this is actually kind of great and it’s nice to know there’s something behind that constant spacing out whenever i enter a different place

FINALLY AN EXPLANATION

roachpatrol:

jetgreguar:

allrightcallmefred:

fredscience:

The Doorway Effect: Why your brain won’t let you remember what you were doing before you came in here

I work in a lab, and the way our lab is set up, there are two adjacent rooms, connected by both an outer hallway and an inner doorway. I do most of my work on one side, but every time I walk over to the other side to grab a reagent or a box of tips, I completely forget what I was after. This leads to a lot of me standing with one hand on the freezer door and grumbling, “What the hell was I doing?” It got to where all I had to say was “Every damn time” and my labmate would laugh. Finally, when I explained to our new labmate why I was standing next to his bench with a glazed look in my eyes, he was able to shed some light. “Oh, yeah, that’s a well-documented phenomenon,” he said. “Doorways wipe your memory.”

Being the gung-ho new science blogger that I am, I decided to investigate. And it’s true! Well, doorways don’t literally wipe your memory. But they do encourage your brain to dump whatever it was working on before and get ready to do something new. In one study, participants played a video game in which they had to carry an object either across a room or into a new room. Then they were given a quiz. Participants who passed through a doorway had more trouble remembering what they were doing. It didn’t matter if the video game display was made smaller and less immersive, or if the participants performed the same task in an actual room—the results were similar. Returning to the room where they had begun the task didn’t help: even context didn’t serve to jog folks’ memories.

The researchers wrote that their results are consistent with what they call an “event model” of memory. They say the brain keeps some information ready to go at all times, but it can’t hold on to everything. So it takes advantage of what the researchers called an “event boundary,” like a doorway into a new room, to dump the old info and start over. Apparently my brain doesn’t care that my timer has seconds to go—if I have to go into the other room, I’m doing something new, and can’t remember that my previous task was antibody, idiot, you needed antibody.

Read more at Scientific American, or the original study.

I finally learned why I completely space when I cross to the other side of the lab, and that I’m apparently not alone.

this is actually kind of great and it’s nice to know there’s something behind that constant spacing out whenever i enter a different place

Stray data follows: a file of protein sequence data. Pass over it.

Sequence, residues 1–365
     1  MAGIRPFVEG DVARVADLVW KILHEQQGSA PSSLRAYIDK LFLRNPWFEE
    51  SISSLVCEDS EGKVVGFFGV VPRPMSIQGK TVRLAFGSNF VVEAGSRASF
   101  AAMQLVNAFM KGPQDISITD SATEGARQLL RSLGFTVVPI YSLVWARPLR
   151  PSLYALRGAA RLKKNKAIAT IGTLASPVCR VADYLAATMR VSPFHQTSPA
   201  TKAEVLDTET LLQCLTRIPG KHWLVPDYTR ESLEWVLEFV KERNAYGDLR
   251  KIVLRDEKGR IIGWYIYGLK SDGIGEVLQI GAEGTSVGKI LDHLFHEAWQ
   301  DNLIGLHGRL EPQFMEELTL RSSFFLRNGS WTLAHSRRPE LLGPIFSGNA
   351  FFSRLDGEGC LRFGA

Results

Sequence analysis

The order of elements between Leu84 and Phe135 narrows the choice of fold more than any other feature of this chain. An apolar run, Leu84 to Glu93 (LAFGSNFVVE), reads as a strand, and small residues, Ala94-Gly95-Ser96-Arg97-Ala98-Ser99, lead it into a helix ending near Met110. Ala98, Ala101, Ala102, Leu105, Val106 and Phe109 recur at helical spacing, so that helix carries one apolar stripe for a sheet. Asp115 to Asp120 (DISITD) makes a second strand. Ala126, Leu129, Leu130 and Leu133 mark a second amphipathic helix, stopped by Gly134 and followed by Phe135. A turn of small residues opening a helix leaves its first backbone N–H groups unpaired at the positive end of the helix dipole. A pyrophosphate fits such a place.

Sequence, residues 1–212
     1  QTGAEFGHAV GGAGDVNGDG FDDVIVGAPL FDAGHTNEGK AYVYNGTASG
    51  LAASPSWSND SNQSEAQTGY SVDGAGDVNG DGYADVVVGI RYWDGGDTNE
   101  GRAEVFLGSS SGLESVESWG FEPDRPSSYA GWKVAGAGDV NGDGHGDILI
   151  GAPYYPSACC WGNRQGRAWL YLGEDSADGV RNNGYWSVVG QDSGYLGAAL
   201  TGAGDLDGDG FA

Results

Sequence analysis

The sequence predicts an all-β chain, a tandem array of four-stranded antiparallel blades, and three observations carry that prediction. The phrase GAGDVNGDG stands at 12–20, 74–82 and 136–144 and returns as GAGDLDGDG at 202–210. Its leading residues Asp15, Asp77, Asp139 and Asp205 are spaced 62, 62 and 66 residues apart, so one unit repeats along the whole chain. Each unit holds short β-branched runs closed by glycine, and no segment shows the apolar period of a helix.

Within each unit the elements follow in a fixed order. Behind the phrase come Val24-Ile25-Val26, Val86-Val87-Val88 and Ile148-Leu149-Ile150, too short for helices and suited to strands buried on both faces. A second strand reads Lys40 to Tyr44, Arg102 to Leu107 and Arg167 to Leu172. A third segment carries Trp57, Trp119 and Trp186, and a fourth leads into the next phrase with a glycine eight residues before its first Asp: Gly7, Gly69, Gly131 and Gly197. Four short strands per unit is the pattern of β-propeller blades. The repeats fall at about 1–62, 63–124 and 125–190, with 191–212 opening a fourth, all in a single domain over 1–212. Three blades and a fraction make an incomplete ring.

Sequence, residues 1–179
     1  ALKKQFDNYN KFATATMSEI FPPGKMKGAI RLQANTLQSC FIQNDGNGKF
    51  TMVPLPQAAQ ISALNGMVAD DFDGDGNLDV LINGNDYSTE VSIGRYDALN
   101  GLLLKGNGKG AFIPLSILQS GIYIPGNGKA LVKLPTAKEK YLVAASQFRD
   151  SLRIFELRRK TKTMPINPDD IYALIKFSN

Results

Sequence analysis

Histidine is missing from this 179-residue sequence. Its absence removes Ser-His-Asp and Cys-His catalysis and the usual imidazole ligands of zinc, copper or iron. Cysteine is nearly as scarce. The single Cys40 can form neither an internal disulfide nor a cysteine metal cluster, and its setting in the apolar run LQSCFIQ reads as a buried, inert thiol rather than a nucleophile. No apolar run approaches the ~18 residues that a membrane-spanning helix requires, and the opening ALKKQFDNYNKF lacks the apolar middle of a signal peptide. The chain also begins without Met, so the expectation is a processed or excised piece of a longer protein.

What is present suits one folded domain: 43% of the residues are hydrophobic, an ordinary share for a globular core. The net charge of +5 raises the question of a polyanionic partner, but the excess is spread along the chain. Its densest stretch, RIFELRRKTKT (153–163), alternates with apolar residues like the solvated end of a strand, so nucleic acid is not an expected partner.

FINALLY AN EXPLANATION

(via diem-the-kitty)

21 July 2014 ·

asylum-art:

 Fantasy Wire Fairy Sculptures by Robin Wight

(via coffeeandsleeping)

21 July 2014 ·

catsbeaversandducks:

Post-it Notes Left on the Train

Writer and illustrator October Jones, the creative genius behind Text From Dog and these funny train commute doodles, is at it again with these hilarious motivational post-it notes that he leaves on the train and in other random places.The upbeat doodles, which star Jones’ adorable character Peppy the Inspirational Cat, convey positive and funny messages meant to motivate daily commuters. Whether you’re feeling the Monday blues or in need of some encouragement, Jones’ delightful post-it notes are sure to brighten your day and remind you just how awesome you are.

Via My Modern Metropolis 

(via coffeebuddha)

21 July 2014 ·

gradientlair:

bluedogeyes:

Captain Uhura should have been a thing 

(via S.T. Enterprise D Bridge Restoration)

EPIC.

(via odinsblog)

21 July 2014 ·

(Source: latinorebels, via mommapolitico)

20 July 2014 ·

holesinthefoam:

I could not have said it better myself. 
http://goo.gl/VzDaI5

holesinthefoam:

I could not have said it better myself.

http://goo.gl/VzDaI5

(via foulmouthedliberty)

20 July 2014 ·

rnegastar:

WHAT A TIME TO BE ALIVE

rnegastar:

WHAT A TIME TO BE ALIVE

(via counting-dollars-counting-stars)

19 July 2014 ·

About Me

Feeder of kitties. Grower of plants. Reader. Watcher. Loner. Writer of silly prose. Whovian. Shameless Supernatural fan. INFJ. Occasional and reluctant student, part time massage therapist and full time dork. Here we have all the stuff I think is funny or beautiful or important enough to share. It is a small peek into the workings of my head.

Stuff I Like